Saturday, April 23, 2016

Get it done...

Ranching is hard business. The heroine in my first novel learns this, as did I first hand, on my aunt and uncle's ranch they bought from her parents. And hard as I thought it was when I visited as a child, or later as an adult, it was so much harder in my grandmother's time.

No electricity, no running water, no neighbors, just grandma and grandpa--when he wasn't away working in the mines to supplement their meager income--a couple hundred cows, and a growing brood of children (five, total), and a whole lot of grit and determination.

I found an excerpt on the Net that describes a different woman's experience in the early 1900s, but I expect her description was very similar to a day in my grandma's life when she was a young woman in the early 1930s, carving a life out of BC's forested interior...

"Any bright morning in the latter part of May I am out of bed at four o'clock; next, after I have dressed and combed my hair, I start a fire in the kitchen stove, and while the stove is getting hot I go to my flower garden and gather a choice, half-blown rose and a spray of bride's wreath, and arrange them in my hair, and sweep the floors and then cook breakfast.

While the other members of the family are eating breakfast I strain away the morning's milk (for my husband milks the cows while I get breakfast), and fill my husband's dinner pail, for he will go to work on our other farm for the day.

By this time it is half-past five o'clock, my husband is gone to his work, and the stock loudly pleading to be turned into the pastures. The younger cattle, a half-dozen steers, are left in the pasture at night, and I now drive the two cows, a half-quarter mile and turn them in with the others, come back, and then there's a horse in the barn that be­longs in a field where there is no water, which I take to a spring quite a distance from the barn; bring it back and turn it into a field with the sheep, a dozen in number, which are housed at night..."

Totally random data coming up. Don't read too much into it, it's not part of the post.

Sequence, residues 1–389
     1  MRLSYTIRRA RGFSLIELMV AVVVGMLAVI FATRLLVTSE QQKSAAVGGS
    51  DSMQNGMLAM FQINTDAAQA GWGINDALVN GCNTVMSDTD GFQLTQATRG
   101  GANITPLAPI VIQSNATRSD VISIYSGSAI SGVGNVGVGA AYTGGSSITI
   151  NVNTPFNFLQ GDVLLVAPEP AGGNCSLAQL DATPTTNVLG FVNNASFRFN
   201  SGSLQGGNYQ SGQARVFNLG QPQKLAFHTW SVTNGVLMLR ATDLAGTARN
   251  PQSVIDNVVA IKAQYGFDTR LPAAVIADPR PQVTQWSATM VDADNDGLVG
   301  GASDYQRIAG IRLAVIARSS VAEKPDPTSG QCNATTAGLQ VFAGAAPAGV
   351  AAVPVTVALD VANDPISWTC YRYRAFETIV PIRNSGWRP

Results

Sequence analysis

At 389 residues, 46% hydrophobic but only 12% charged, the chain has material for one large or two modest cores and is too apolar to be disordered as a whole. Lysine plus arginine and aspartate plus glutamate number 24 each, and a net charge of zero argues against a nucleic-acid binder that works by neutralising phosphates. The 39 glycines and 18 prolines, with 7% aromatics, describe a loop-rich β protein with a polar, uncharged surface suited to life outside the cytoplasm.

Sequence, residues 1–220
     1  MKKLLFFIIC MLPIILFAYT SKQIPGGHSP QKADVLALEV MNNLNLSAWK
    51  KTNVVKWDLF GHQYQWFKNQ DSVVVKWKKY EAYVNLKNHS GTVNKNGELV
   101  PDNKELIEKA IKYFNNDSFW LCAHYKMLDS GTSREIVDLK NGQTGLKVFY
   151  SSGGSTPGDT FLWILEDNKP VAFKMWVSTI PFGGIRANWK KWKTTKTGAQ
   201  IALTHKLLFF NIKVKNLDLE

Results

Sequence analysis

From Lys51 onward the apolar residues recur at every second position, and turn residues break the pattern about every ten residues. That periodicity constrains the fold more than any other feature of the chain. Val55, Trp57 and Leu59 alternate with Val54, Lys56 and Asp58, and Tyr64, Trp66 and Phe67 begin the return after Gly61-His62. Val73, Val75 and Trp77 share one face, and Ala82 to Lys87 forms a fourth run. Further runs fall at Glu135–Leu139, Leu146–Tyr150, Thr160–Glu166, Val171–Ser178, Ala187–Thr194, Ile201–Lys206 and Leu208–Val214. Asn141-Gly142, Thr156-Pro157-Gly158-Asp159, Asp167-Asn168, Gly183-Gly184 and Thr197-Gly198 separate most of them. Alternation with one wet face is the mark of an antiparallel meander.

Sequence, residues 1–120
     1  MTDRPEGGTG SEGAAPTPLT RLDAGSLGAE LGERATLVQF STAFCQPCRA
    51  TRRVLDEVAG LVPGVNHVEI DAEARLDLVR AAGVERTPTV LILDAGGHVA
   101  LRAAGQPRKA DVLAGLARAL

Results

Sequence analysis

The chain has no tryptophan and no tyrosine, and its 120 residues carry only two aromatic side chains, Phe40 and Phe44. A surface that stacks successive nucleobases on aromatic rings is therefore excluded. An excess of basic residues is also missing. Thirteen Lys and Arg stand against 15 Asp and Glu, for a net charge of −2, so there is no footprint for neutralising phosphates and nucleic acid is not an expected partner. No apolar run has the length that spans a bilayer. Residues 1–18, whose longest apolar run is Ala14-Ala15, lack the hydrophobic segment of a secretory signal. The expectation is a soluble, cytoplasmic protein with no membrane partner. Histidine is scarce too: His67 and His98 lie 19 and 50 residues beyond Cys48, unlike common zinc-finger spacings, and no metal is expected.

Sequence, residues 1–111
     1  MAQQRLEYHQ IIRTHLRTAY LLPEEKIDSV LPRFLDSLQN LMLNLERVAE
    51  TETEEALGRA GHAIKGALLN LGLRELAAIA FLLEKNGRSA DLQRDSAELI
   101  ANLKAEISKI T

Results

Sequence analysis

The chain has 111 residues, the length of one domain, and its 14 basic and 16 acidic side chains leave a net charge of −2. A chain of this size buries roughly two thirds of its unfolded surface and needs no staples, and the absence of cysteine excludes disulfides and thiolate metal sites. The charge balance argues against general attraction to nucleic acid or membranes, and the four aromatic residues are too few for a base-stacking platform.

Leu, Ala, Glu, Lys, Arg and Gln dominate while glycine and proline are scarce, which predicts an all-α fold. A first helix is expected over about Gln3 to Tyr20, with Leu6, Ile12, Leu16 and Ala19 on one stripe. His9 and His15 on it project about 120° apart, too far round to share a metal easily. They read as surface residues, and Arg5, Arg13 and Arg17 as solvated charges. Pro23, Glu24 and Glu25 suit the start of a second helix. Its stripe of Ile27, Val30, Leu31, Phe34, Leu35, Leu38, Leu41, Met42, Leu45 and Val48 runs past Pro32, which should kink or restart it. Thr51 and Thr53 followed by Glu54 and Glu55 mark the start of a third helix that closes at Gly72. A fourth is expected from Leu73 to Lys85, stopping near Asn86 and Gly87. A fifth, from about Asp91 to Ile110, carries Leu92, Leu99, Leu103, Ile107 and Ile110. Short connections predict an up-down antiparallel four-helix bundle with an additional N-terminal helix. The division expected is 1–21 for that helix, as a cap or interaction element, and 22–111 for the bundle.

Read the full copy here:

The page shares a routine that contrasts sharply with most young women's lives today, and hopefully provides those same women some insight to what their grandmother's and great-mother's survived to enable them to enjoy their comparatively easy lives. That is what I took away from my visits to the ranch, how much I appreciate my modern existence.

In all those years watching my aunt haul water from the outside pump inside to boil for washing clothes, or sliding wood lengths into the stove before whipping up biscuit mix after a full morning helping feed two-hundred head, perched perilously on a stack of bales to cut twine and hurl hay from a sleigh hauled by a pair of Clydes piloted by my uncle, and this after having already strained the milk he brought up from the barn before they headed out to feed the bawling cattle...I never heard her complain. Not once.

Ranch women don't.

They do what needs to be done, much of it before sunup, and move on to the next necessary task regardless of the weather, or whether they believe they could, or should. It needs doing, so it gets done. That's a good a motto for all of us.

If it needs doing, get it done.

View of a hay barn on the ranch.
Round bales and tractors did not exist in my grandma's day,
or in the seventies; I rued the day they appeared
and rides on the sleigh--or skiing behind it!--while my dad
and Auntie tossed bales and uncle piloted, ended in favor
of Uncle roaring off on the tractor and feeding twice as
many cows in half the time...
Photo copyright Deborah A. Anderson, All rights reserved.


Nobody ever drowned in his own sweat. ~Ann Landers

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